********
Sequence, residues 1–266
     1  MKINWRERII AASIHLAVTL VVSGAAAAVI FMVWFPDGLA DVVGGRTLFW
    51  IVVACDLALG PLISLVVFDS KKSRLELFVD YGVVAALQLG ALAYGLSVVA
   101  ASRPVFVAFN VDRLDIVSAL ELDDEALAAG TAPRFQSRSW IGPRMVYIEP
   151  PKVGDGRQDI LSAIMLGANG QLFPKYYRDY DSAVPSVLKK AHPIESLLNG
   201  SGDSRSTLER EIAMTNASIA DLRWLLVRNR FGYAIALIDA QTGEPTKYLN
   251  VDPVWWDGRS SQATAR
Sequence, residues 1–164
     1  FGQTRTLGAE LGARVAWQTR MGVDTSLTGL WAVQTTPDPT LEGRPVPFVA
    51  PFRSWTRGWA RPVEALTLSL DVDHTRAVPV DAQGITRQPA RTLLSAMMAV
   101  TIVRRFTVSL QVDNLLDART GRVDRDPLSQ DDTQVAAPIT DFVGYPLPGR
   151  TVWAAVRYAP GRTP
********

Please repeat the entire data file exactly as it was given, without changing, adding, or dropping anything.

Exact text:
Sequence, residues 1–266
     1  MKINWRERII AASIHLAVTL VVSGAAAAVI FMVWFPDGLA DVVGGRTLFW
    51  IVVACDLALG PLISLVVFDS KKSRLELFVD YGVVAALQLG ALAYGLSVVA
   101  ASRPVFVAFN VDRLDIVSAL ELDDEALAAG TAPRFQSRSW IGPRMVYIEP
   151  PKVGDGRQDI LSAIMLGANG QLFPKYYRDY DSAVPSVLKK AHPIESLLNG
   201  SGDSRSTLER EIAMTNASIA DLRWLLVRNR FGYAIALIDA QTGEPTKYLN
   251  VDPVWWDGRS SQATAR
Sequence, residues 1–164
     1  FGQTRTLGAE LGARVAWQTR MGVDTSLTGL WAVQTTPDPT LEGRPVPFVA
    51  PFRSWTRGWA RPVEALTLSL DVDHTRAVPV DAQGITRQPA RTLLSAMMAV
   101  TIVRRFTVSL QVDNLLDART GRVDRDPLSQ DDTQVAAPIT DFVGYPLPGR
   151  TVWAAVRYAP GRTP